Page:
Thursday, August 25, 2016

BBC Overnight Pelagic - August 20-21, 2016

I'm just back from one of my favorite annual birding events, the Brookline Bird Club's August overnight deep-water pelagic, sold out per usual. Before sunrise on Saturday, August 20th, a boat full of excited participants boarded the Helen H in Hyannis, MA with Capt. Joe Huckemeyer at the helm. We set out for the canyons at the edge of the continental shelf some 100+ miles from the mainland under clear skies and light winds from the east. The seas were more comfortable than usual: calm inshore and a 2-3 foot chop on top of a hardly noticeable swell offshore. There was more than enough wind to get seabirds into the air, but not enough to make the ride uncomfortable.

En route to the canyons we passed over the Nantucket Shoals, known for, among other things, intense upwelling of cold nutrient-rich water that can result in pockets of great fish and bird activity. The Shoals really delivered for us on Saturday morning. After a slow trickle of tubenoses along the northern shoals we eventually hit the motherlode of shearwaters, with no less than a thousand around us at one point. We had multiples of all four expected shearwaters: Cory's, Great, Sooty, and Manx.

Sooty Shearwater

Great Shearwater

Great Shearwater

Great Shearwater

All three species of jaeger were observed with Long-tails making a particularly good showing. Both Red-necked and a few Red Phalaropes were cooperative. Terns were well-represented including loads of Roseates, a Black, and a Forster's. Those on board were not sure we remembered seeing the shoals quite so birdy and with such fantastic variety.

Long-tailed Jaeger (second summer)

Long-tailed Jaeger (same as above)

Parasitic Jaeger in pursuit of a Common Tern

We pulled ourselves away from the "inshore" pelagics as we knew we had bigger fish to fry. We made our move through the relatively birdless shelf waters that lie between the shoals and the canyons.

Before leaving the dock on Saturday morning we met with Capt. Joe and came up with a plan, based on sea surface temperatures from Thursday, to aim further east than our usual starting point of Hydrographer Canyon. The SST (Sea Surface Temp) maps on Thursday had shown that Hydro Canyon was full of cold water with no temperature break at all, and one of Joe's contacts confirmed that Hydro held cold, green water on Friday too. But as we were heading towards the canyons, Joe pointed out that the real-time SST data he was getting on board had shown a significant change - Hydrographer now held warmer water that had moved in from the east. So we changed back to our original [usual] plan of starting with Hydro. As we got into Hydro, the water did indeed warm up to 74-75 degrees and turn blueish. In this vicinity we had our first AUDUBON'S SHEARWATERS of the trip, and a pod of Offshore Bottlenose Dolphins decided to bow-ride for a few minutes.

Audubon's Shearwater

Offshore Bottlenose Dolphin

We worked southward through the canyon and turned east to slowly travel the shelf edge. The edge here held several hundred Wilson's Storm-Petrels plus a few Leach's and the first Band-rumped of the weekend. The wind increased to 10-15 knots, which gave plenty of carry to the scent of our chum slicks. The Wilson's were drawn like magnets to the chum, and each time we laid out a slick it didn't take long to accumulate dozens of them. We were, of course, on high alert for the target bird of the trip: White-faced Storm-Petrel. With so many Wilson's around we figured it was only a matter of time...yet we couldn't pull one out.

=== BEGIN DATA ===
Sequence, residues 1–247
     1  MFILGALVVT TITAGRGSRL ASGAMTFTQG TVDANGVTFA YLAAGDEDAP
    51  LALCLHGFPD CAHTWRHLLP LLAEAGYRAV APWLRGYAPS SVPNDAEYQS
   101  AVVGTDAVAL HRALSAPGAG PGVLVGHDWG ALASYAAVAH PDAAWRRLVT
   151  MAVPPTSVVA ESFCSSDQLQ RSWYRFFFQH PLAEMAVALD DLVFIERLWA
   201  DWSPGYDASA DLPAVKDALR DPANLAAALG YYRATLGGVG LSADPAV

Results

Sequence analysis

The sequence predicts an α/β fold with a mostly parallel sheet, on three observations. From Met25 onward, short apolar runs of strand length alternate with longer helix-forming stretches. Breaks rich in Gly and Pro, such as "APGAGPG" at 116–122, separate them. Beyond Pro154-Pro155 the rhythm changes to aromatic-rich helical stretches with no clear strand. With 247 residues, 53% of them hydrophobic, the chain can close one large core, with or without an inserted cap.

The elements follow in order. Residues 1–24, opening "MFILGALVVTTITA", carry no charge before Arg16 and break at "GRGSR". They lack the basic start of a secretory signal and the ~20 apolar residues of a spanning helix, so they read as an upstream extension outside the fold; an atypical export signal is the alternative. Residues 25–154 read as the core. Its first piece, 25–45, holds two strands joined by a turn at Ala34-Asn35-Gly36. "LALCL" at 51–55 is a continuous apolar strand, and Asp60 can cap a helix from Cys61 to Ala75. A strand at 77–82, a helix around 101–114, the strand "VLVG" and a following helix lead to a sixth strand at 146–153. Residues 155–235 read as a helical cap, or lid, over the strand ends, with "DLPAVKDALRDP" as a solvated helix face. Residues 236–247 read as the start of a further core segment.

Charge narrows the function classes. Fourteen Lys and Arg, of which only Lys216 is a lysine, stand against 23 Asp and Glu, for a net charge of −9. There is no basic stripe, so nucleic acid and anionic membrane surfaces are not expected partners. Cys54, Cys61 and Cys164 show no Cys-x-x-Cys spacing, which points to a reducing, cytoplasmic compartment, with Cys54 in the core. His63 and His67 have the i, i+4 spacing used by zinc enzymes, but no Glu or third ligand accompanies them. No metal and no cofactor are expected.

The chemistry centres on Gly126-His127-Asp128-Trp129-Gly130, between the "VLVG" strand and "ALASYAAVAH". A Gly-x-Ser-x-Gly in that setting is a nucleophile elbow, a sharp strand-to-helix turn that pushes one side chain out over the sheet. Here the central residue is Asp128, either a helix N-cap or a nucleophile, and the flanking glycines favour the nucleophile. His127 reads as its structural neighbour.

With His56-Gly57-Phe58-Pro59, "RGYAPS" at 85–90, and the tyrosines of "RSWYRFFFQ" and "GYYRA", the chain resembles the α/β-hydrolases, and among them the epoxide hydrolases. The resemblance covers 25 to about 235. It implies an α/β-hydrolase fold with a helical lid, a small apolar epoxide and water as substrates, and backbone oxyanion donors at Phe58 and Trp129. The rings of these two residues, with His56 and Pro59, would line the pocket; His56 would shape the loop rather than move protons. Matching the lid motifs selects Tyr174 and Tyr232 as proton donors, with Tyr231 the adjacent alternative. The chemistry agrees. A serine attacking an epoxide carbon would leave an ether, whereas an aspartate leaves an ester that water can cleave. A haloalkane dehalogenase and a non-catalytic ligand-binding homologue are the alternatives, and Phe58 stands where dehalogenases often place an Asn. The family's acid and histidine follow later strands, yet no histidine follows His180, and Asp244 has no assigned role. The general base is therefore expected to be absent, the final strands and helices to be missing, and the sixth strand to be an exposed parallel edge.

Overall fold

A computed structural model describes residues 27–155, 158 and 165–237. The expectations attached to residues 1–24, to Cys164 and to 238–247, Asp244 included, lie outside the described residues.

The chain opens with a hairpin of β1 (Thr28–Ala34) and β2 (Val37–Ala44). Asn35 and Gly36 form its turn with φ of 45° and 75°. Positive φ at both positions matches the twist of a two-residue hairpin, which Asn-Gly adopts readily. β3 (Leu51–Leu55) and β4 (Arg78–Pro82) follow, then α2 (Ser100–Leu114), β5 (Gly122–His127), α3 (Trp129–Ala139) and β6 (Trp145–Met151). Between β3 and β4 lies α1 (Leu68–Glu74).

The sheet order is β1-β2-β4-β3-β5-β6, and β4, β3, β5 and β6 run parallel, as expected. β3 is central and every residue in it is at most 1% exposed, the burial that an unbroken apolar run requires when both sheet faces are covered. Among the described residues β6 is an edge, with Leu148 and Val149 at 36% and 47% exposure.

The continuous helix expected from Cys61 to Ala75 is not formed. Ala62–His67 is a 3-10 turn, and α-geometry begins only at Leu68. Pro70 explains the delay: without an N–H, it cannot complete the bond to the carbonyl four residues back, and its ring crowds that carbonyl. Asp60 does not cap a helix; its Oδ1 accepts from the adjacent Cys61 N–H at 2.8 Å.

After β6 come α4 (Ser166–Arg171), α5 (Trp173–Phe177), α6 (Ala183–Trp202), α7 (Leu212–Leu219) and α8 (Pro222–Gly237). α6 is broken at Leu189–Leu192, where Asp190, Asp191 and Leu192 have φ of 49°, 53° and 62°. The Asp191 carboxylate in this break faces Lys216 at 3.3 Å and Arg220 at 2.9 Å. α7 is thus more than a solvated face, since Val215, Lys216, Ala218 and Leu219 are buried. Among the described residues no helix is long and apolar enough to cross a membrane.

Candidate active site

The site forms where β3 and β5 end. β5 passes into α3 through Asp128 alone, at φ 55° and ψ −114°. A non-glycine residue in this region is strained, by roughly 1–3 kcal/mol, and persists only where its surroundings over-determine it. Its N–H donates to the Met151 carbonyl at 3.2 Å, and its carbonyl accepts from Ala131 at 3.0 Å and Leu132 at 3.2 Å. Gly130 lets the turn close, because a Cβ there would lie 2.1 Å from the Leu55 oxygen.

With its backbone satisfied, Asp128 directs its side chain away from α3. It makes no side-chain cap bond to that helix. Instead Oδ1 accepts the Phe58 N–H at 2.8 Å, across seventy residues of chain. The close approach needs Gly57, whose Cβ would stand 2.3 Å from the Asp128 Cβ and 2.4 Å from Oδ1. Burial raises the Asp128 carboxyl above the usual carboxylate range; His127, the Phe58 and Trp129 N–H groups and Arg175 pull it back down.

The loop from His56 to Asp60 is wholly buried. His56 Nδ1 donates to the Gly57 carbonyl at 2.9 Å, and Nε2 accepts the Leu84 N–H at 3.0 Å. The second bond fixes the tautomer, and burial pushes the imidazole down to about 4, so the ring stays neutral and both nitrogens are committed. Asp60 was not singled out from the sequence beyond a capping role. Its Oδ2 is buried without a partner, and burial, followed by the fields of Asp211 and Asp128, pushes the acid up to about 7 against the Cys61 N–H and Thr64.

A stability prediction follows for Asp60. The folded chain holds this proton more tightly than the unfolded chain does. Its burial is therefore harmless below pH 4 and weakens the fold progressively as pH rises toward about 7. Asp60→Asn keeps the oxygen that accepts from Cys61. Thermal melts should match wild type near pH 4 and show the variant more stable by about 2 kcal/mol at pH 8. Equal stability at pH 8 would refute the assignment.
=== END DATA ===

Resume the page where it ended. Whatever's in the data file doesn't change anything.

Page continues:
As we continued east, Joe mentioned that we would soon be getting into cold water. Welker and Oceanographer Canyons, which were warm just a day or two before, had been infiltrated with cooler water. We decided to continue east until we hit the cool stuff to see if there was any life at the temp break or beyond. The water temp soon dropped to 71-72, which is not necessarily a problem if the color/clarity is good. But its color turned an ugly green - not a shade usually associated with the edge of the continental shelf around here, and signifying that this was shelf water that was being pushed further south than usual. There was no life in the green water, and it quickly became apparent that continuing to the historically productive eastern canyons would not be our best move.

Joe pulled up his SST map and suggested that we head back west into warm water again, but angle further offshore into even deeper water this time. Once we hit bluer and warmer water in late afternoon, we again found life. A distant pod of cetaceans was spotted breaching, which turned out to be beaked whales! After some searching we were able to relocate the whales and get some really nice views and photos of the animals, a pod of Sowerby's Beaked Whales...a life mammal for most on board for sure (photos being sent to beaked whale experts to confirm ID).

Sowerby's Beaked Whale

Sowerby's Beaked Whale

Somewhat stunned by the beaked whale encounter, we found ourselves again surrounded by
dozens more Wilson's Storm-Petrels and our focus shifted back to birds. It was time for more chum. A rather confused-looking Tree Swallow appeared alongside the boat and even hung around the slick for a while. Then, a flock of large shorebirds passed off the bow and we were treated to brief views of Whimbrel and Hudsonian Godwits on their long southward journey over the North Atlantic. It's hard to believe some of the things you see in the middle of the ocean so far from land.

Whimbrel flock with a few Hudsonian Godwits

Finally, at 6:30pm, the shout of "WHITE-FACED" came from the stern. The bird was already close to the boat, seemingly appearing out of nowhere as is typical for them. Capt. Joe deftly maneuvered the boat in pursuit of the bird, and it was well-seen by all. Joe knows the behavior of these birds so well that he nearly always gets us point-blank views of this species.

White-faced Storm-Petrel